The 'In' Thing Boils Down to Infrastructure

Ask your staff about desktop editing, and they'll tell you it's the "in" thing: Inspiring; intuitive; invigorating; often instructional; other times, introspective or even indelicate.

Requires an infusion of investment, personal involvement and insight.

There's one essential in thing, though, that probably won't get mentioned... infrastructure.

Today, it's no longer safe to assume that your young video staffers have ever seen the inside of a classically engineered production facility. Now that desktop editing apps have been taught in high schools-and below-for many years, it's perfectly likely that your rookie staff thinks that you need only a camera, a computer, and little else.

Under some circumstances, they're right... it's entirely possible to tell stories that way, in the same way it's possible to build a house with just a hammer and a hand saw. But it's crude, unnecessarily painful, and leaves you unprepared for the unplanned.

Trying to live this simplistic lifestyle isn't easy. Without an investment in infrastructure, it's difficult to consistently meet clients' expectations. When your one DV recorder breaks, how do you make your deadlines? Still, this seems like one of the hardest lessons for beginners to learn... the notion that you'll need to buy equipment you can't directly bill anyone for.


Back in Neanderthal times, the notion of a television production "facility" carried with it certain implications, mostly concerning the nature of the effort required to support production technology-in short, infrastructure. We experienced folks have been in and out of edit suites and studios for years, and we've seen the effort that others put into nurturing both the fragile, 1 V video signals and the technical wizards who work with them. We understand about the nonincome producing overhead we need to carry to consistently tell the best story possible.

Small video businesses rarely develop according to plan.

Among the small-to-mid-sized production companies I know, few would claim that they laid out a master plan for acquiring equipment and building a facility.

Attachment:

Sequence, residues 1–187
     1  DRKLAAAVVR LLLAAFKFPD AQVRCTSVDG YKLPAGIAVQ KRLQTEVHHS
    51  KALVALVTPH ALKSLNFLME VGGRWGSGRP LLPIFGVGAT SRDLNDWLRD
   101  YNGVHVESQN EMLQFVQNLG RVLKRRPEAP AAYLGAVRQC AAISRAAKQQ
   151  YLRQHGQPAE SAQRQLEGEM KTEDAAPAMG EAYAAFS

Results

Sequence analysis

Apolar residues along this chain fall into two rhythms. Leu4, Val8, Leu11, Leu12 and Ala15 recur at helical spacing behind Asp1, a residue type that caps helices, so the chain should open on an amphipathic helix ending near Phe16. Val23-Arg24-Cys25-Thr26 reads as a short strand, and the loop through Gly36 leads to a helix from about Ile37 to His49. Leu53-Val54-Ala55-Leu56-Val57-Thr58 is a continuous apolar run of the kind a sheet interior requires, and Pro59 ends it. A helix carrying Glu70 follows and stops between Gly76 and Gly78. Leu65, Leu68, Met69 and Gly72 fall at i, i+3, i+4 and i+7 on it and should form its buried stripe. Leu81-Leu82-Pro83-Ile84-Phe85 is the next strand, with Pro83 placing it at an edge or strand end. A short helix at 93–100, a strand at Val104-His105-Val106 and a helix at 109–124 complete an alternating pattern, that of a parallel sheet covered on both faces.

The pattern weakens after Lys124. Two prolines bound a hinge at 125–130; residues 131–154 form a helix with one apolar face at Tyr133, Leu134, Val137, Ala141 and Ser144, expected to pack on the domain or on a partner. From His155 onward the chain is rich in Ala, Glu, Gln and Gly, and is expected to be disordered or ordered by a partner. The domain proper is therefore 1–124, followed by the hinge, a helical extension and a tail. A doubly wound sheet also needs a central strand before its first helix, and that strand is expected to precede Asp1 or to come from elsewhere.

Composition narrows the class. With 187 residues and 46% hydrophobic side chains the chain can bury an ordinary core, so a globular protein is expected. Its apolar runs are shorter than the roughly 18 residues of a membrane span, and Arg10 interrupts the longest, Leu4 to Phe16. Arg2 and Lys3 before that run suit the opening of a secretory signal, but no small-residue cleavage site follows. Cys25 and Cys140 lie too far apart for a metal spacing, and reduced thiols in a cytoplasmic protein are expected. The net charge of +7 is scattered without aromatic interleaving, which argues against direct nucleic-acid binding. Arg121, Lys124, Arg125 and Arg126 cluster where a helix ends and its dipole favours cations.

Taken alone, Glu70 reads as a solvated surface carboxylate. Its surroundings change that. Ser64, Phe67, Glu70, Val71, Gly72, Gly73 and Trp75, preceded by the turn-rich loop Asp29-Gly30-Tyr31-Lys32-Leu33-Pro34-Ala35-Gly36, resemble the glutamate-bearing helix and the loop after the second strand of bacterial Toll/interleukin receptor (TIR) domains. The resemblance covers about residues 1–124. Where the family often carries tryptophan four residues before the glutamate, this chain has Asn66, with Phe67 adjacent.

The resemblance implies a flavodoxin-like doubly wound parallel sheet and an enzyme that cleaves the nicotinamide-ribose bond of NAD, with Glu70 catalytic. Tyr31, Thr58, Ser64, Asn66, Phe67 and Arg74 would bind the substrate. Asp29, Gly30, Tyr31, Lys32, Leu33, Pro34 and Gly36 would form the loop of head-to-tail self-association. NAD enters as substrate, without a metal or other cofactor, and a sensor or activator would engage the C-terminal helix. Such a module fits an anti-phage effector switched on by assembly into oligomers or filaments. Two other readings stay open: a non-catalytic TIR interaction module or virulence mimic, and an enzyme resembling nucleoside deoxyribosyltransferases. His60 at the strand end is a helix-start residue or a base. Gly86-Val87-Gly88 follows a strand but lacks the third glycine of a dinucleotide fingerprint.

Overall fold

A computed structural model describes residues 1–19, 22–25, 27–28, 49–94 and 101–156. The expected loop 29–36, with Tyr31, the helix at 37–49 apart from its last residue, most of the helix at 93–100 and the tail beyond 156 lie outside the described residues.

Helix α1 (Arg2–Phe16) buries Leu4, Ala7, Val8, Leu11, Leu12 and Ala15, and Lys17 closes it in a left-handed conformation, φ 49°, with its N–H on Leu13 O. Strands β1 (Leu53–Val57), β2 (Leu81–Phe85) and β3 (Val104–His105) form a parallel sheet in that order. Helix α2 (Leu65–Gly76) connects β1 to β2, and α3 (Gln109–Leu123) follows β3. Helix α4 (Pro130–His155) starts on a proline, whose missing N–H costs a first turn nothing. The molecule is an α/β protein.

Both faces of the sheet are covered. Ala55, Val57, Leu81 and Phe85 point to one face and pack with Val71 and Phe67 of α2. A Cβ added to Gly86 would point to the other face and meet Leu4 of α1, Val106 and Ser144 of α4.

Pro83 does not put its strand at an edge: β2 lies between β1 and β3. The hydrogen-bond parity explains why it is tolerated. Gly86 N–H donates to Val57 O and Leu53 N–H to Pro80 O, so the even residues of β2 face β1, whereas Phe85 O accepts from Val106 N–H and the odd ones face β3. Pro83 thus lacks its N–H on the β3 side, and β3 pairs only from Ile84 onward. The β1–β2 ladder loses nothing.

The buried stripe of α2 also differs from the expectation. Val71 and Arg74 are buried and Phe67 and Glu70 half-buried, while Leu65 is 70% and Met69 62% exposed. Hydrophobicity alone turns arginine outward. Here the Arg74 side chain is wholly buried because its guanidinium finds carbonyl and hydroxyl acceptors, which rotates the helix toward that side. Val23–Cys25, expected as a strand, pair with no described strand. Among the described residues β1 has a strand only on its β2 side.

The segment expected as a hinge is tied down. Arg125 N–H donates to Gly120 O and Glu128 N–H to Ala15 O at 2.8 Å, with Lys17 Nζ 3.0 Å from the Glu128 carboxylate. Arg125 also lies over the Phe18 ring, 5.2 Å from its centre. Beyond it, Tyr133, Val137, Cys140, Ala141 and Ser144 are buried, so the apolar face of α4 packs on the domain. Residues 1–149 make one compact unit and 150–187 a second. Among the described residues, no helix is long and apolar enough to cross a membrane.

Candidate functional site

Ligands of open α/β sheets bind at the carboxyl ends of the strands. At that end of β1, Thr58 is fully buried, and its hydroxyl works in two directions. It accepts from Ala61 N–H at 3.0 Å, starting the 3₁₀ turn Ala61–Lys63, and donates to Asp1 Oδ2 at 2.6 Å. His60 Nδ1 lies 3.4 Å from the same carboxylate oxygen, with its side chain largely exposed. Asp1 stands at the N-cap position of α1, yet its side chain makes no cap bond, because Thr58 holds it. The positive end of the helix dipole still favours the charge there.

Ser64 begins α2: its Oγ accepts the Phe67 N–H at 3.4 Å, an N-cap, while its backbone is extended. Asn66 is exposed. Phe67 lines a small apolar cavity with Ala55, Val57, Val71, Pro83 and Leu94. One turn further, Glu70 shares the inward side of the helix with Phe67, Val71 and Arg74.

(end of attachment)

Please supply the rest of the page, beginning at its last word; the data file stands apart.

In our own case, I distinctly recall that when we started our little venture, we had a stated goal of never investing in technology; the headaches of amortization, capitalization, obsolescence and brand appeal would be left to others. Owning hardware was clearly the road to ruin, and was to be avoided at all costs.

Today, exactly 25 years later, the verdict is in: we've failed miserably at achieving that goal.

It started innocently enough: Once we realized that our Betacam camera rental fees were easily exceeding the owners' monthly payments, we bought our own. When our editing volume warranted, we bought a small machine-to-machine setup; ditto that early 3D animation system.

Each acquisition shared a single purpose-furthering the creation of our clients' projects-but there wasn't much prior planning, no five-year vision for growing a business.

Of course, given the rapid rate of technological change, it would be difficult to predict where five years' time would take us. And the whims and fancies of our clients seem to act as far greater forces than technological development itself.

This is all the more reason why it's essential to step back every so often and take a good look at past, present and future, and if necessary, actively plan for change.


After a long period of relatively little change in our own little production business, we've realized that it's time once again to invest in infrastructure, both to keep our facility current and to remain competitive. We've pried open our pocketbook; the old stuff has gone off to eBay, and the new stuff is being unpacked even now.

Stepping back, for instance, we've noticed that virtually everything we own is capable of SDI and AES interconnection. For years, we've used conventional coaxial patchbays to link devices, dreaming of the day when we could afford to trash our nearly useless composite video router in favor of a digital solution.

I spoke with Ray Bryan at Nvision, a company whose early expertise in moving digital audio from place to place has readily translated into digital video routing wizardry as well. Ray noted that Nvision had spotted the beginnings of a trend, and became one of a select few big router companies to offer more modest configurations for shops like us, retaining the control features, redundancies and flexibility that the networks demanded.

The result: We installed an Nvision Compact Router series 16x16 SDI and AES system which costs less than half of what a similarly sized analog system cost us 10 years ago.

Most importantly, we're quickly and conveniently moving the best-looking signals possible, and the entire production process has benefited-editing, graphics, audio, dubbing and mastering.

Building infrastructure is a process, not a one-time event. The process needs to continue throughout the life cycle of a production business, tracking trends in production, hardware improvements, and upticks and downturns in business volume. That's why today, as a whole host of support systems for desktop editing, desktop audio, small cameras and the like become available, it's time to get in step with the in thing-infrastructure.